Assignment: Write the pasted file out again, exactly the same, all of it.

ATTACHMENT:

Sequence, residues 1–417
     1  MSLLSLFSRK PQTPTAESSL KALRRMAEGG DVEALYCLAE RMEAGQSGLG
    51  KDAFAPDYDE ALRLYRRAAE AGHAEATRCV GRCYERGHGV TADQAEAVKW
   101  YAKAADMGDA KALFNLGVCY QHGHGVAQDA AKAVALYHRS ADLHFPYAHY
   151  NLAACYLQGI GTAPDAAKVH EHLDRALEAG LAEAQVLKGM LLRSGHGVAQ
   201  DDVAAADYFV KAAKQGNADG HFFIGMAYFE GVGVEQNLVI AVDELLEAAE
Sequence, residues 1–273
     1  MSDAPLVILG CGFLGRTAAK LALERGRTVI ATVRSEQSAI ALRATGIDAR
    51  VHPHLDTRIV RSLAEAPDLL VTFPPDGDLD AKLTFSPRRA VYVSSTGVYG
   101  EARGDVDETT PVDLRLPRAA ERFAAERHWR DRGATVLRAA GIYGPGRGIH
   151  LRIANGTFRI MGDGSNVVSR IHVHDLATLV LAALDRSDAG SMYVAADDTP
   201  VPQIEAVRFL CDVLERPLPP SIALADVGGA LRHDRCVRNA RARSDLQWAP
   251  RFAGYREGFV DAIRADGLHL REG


Sequence, residues 1–417
     1  MSLLSLFSRK PQTPTAESSL KALRRMAEGG DVEALYCLAE RMEAGQSGLG
    51  KDAFAPDYDE ALRLYRRAAE AGHAEATRCV GRCYERGHGV TADQAEAVKW
   101  YAKAADMGDA KALFNLGVCY QHGHGVAQDA AKAVALYHRS ADLHFPYAHY
   151  NLAACYLQGI GTAPDAAKVH EHLDRALEAG LAEAQVLKGM LLRSGHGVAQ
   201  DDVAAADYFV KAAKQGNADG HFFIGMAYFE GVGVEQNLVI AVDELLEAAE
Sequence, residues 1–273
     1  MSDAPLVILG CGFLGRTAAK LALERGRTVI ATVRSEQSAI ALRATGIDAR
    51  VHPHLDTRIV RSLAEAPDLL VTFPPDGDLD AKLTFSPRRA VYVSSTGVYG
   101  EARGDVDETT PVDLRLPRAA ERFAAERHWR DRGATVLRAA GIYGPGRGIH
   151  LRIANGTFRI MGDGSNVVSR IHVHDLATLV LAALDRSDAG SMYVAADDTP
   201  VPQIEAVRFL CDVLERPLPP SIALADVGGA LRHDRCVRNA RARSDLQWAP
   251  RFAGYREGFV DAIRADGLHL REG